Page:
Wednesday, October 29, 2008

Noticed a few typos in the last Blog so in future had better be a bit more careful with my proof reading. Don’t know why the spell-checker didn’t pick up the obvious. When I spot typos in published works now, instead of being all censorious I tend to be a bit ‘what the hell’ about it as I have discovered through experience that spotting mistakes is a difficult business. You can go over a passage half a dozen times and still miss the obvious. Proof reading is an art. Well a discipline anyway that requires not only a keen eye but infinite patience. Having read NO OFFICIAL UMBRELLA and sent Douglas a list of all the mistakes I found he has already spotted one I missed in the first sixty pages. No doubt there will be more.
Sweeny for just over a week has been at death’s door. She wouldn’t eat, if she lay or fell down she could hardly get up, her back legs were almost useless and it really seemed as if doggie heaven’s portals were opening for her. One evening while I was watering the garden she somehow slipped out of the house and I eventually found her sitting right at the bottom of the garden, a long way for a virtual cripple to travel, and all I saw was this little black figure with her back to me sitting beside the hole we had already dug some weeks ago just in case. It brought to mind the little old bread seller in Genoa who saved up her pennies to pay for a marble monument carved in her likeness, bread and all, and the story has it she would visit the cemetery to sit and look at it, presumably on her days off when she wasn’t still selling her bread. It really broke me up to see her sitting there and she wouldn’t move. A bit too heavy for me to carry the length of the garden in my old age I took a coupe of blankets out and some plastic in case it rained and put her to bed, snug as a bug in a rug as my mother used to say, fully expecting next morning to find her gone. She had, but only a few yards off to sit somewhere else. I made a fuss of her and left her sitting there. Later in the day she returned to the house. Having put me through a week of tearful expectation now she has rallied like one wouldn’t believe: eating again and the back legs seemingly regaining some of their strength, walking fairly steadily instead of wobbling and weaving all over the place. She still spends her time going from one sleeping place to another but it seems she is also not quite so doolally.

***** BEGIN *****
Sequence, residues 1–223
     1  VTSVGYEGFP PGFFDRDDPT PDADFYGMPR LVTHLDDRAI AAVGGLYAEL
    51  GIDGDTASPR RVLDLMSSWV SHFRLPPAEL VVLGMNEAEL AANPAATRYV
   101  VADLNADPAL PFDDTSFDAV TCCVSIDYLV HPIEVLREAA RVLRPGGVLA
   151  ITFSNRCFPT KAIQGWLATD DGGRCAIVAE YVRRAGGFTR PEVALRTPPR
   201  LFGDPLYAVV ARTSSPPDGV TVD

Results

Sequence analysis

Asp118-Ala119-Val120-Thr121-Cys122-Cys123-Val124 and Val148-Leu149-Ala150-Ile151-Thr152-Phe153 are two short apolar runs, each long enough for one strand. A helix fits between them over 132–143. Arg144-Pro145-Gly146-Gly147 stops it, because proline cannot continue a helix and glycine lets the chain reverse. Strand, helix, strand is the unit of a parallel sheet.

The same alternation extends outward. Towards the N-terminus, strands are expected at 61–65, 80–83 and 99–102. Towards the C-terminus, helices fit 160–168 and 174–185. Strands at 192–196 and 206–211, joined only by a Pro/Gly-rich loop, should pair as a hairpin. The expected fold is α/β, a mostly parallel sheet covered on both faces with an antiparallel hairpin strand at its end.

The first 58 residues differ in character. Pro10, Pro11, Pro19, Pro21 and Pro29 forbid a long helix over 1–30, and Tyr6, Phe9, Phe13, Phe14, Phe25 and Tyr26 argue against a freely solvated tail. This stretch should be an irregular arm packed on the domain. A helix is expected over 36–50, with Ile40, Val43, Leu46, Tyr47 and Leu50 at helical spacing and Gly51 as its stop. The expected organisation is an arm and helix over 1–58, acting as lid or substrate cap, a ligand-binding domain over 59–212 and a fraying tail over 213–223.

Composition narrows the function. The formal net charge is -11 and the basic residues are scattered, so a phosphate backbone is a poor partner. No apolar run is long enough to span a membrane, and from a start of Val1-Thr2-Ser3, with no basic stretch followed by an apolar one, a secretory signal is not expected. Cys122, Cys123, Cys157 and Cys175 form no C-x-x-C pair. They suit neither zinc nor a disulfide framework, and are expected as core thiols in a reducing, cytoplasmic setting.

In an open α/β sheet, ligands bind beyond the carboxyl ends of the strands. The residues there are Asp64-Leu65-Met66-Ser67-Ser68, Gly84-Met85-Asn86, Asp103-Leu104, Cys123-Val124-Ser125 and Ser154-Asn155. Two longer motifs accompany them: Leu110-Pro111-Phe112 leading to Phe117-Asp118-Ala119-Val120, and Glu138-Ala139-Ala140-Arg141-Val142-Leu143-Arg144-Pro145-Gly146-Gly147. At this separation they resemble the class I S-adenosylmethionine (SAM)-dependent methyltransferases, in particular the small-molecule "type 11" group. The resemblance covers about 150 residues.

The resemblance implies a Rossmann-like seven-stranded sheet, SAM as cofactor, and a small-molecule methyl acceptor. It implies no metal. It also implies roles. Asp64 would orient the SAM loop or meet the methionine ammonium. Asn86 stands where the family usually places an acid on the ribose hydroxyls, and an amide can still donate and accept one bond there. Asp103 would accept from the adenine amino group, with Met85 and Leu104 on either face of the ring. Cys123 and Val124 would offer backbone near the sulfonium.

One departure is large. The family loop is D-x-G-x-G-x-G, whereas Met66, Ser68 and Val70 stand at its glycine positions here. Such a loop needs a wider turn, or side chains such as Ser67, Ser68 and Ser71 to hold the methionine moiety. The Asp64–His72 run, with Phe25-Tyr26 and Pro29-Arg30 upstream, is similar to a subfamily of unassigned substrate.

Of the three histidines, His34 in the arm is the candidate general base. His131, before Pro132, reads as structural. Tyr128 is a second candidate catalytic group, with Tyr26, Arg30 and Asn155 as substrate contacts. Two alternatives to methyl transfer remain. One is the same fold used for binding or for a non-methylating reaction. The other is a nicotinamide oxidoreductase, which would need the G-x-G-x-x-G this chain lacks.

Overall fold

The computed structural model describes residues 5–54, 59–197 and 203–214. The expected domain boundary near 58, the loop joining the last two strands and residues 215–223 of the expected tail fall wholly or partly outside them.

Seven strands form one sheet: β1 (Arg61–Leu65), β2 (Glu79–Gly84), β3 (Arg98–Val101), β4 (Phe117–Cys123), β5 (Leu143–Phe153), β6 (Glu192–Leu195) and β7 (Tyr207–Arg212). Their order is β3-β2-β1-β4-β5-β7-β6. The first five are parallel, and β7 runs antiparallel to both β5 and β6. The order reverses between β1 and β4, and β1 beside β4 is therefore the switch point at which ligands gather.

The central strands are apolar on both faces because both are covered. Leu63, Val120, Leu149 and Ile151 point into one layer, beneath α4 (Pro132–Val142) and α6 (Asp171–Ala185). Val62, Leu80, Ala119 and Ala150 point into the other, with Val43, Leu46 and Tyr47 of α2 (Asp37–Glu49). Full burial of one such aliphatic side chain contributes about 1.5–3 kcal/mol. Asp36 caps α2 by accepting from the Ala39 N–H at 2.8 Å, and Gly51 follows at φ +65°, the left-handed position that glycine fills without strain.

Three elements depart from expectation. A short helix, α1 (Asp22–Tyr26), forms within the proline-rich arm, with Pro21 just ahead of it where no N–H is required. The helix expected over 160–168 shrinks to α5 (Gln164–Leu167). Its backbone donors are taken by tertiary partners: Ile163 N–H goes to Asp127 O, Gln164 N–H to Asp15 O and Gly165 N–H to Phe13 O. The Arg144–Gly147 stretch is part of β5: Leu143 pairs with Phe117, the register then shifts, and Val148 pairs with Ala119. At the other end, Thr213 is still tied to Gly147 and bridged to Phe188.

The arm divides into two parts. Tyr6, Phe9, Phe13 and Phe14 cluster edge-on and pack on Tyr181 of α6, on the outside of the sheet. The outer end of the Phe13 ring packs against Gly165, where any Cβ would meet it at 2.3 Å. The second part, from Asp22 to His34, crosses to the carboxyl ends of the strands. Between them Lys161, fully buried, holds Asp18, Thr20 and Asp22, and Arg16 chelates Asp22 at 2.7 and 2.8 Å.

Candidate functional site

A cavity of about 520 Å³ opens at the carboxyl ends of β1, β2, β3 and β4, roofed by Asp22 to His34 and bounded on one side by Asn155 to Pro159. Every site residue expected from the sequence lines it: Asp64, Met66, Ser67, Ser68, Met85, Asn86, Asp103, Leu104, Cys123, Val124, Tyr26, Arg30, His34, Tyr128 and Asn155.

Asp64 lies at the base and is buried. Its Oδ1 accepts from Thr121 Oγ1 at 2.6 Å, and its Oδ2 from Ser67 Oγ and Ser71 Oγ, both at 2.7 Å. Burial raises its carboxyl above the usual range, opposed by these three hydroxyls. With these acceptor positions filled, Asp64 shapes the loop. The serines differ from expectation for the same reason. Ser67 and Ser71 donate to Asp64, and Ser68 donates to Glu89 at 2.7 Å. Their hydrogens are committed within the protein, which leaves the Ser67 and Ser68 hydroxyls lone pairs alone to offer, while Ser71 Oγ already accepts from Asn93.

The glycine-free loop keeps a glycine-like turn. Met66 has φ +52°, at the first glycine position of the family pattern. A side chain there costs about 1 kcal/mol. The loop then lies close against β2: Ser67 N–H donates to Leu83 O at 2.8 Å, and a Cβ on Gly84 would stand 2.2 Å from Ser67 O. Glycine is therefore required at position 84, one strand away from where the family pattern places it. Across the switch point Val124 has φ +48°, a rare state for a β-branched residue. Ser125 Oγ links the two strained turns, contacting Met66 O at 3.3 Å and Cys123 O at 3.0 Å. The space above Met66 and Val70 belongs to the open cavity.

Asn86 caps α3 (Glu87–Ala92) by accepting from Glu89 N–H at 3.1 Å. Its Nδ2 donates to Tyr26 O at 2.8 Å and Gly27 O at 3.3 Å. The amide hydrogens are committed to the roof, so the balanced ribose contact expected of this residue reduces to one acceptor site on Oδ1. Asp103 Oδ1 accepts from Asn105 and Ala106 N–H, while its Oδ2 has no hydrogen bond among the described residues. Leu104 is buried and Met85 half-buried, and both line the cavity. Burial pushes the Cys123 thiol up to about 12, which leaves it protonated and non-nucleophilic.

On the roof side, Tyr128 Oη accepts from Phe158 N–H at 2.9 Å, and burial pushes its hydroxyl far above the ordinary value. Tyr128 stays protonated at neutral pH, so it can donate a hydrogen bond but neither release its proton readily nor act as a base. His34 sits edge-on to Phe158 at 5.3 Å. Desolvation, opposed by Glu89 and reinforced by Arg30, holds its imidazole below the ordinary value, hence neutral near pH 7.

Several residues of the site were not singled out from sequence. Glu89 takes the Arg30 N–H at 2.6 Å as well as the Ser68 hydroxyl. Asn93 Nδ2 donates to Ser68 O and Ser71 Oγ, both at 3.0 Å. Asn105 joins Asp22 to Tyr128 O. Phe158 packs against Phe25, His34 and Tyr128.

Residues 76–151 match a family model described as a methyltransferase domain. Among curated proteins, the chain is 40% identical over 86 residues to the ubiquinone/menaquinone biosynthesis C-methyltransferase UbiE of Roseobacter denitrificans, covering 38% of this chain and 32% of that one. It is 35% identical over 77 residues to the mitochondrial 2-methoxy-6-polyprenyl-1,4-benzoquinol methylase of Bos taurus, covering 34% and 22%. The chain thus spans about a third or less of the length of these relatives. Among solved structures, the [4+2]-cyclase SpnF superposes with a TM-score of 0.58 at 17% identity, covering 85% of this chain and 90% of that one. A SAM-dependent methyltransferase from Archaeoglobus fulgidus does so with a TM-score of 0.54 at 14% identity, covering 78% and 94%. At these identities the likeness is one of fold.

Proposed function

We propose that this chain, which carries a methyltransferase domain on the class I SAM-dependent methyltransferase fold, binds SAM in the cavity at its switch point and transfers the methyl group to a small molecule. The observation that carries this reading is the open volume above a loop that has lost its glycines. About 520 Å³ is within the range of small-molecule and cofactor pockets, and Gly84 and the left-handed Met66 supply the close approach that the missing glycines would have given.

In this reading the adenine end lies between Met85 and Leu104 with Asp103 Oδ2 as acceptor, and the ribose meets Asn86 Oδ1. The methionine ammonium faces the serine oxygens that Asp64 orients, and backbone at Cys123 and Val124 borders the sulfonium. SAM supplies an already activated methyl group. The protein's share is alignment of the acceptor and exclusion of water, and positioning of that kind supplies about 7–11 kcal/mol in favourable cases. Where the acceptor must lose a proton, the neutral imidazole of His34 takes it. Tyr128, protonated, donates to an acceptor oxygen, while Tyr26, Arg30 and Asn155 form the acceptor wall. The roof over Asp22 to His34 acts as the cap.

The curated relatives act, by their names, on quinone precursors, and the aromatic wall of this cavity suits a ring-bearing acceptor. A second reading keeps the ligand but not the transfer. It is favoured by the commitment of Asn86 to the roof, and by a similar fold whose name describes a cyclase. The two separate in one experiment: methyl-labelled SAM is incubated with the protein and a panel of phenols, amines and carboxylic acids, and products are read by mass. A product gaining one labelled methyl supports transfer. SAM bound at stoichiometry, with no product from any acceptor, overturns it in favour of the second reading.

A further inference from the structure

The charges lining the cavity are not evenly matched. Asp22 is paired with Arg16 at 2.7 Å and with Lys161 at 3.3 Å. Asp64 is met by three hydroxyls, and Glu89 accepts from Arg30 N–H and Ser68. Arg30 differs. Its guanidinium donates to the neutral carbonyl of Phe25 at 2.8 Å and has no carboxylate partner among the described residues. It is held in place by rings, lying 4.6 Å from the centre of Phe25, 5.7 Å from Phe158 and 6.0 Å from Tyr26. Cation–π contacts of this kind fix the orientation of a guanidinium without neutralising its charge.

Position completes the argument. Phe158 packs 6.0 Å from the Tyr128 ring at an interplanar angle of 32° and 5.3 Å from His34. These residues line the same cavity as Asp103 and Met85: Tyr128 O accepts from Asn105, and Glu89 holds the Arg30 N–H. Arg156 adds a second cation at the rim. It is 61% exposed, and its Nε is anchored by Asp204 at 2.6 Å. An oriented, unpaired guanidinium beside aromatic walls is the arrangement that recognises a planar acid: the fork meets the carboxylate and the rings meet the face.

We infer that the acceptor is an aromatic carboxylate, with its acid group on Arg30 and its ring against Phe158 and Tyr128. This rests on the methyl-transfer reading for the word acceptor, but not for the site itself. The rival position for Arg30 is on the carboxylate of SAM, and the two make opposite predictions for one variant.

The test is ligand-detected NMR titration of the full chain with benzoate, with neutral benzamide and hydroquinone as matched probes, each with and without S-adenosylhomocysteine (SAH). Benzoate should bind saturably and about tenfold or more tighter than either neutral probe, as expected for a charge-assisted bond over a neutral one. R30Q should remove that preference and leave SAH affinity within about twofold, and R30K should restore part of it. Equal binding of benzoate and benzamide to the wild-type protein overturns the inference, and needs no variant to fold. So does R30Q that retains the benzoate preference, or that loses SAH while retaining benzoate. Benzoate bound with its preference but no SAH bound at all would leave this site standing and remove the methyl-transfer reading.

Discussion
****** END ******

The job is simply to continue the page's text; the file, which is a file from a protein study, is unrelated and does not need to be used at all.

Have finished two of the three Reginald Hill books. Problem is, once I get my nose into one, it’s very difficult to get it out again. The last one was ARMS AND THE WOMEN (with apologies to GBS?) and did I think he went just a teensy-weensy-weensy-weensy bit over the top with this one? He himself referred at one point to it being a bit Tarantino cum Ken Russell and we know how over the top he got. Also, now I take just a tiny cudgellette to Mr Hill without diminishing my admiration for his writing but, dear Mr Hill, it is pretty obvious that you are (a) an extremely intelligent man, (b) a highly educated one both classical and modern and (c) you have a great sense of humour and you are a truly terrific writer so there is really no need to use words that require the likes of myself to reach for the dictionary to prove all the above. In fact it detracts slightly from (c). For example, was it necessary to use the word ‘cetacean,’ a word I had never come across, when you could just as easily have written ‘whale like’ and my reading would not have been interrupted. ‘Oenophilic’ didn’t bother me because I just happen to know that oenos is the ancient Greek for wine but to use it in reference to a couple of dogs sniffing each other’s backsides, was that really a good choice do you think? There, I said it would be a tiny cudgellette because once again Mr Hill provided me with a great read. I look forward now to dipping my snout into number three. Hope theer arfe no typos in this one.

No comments: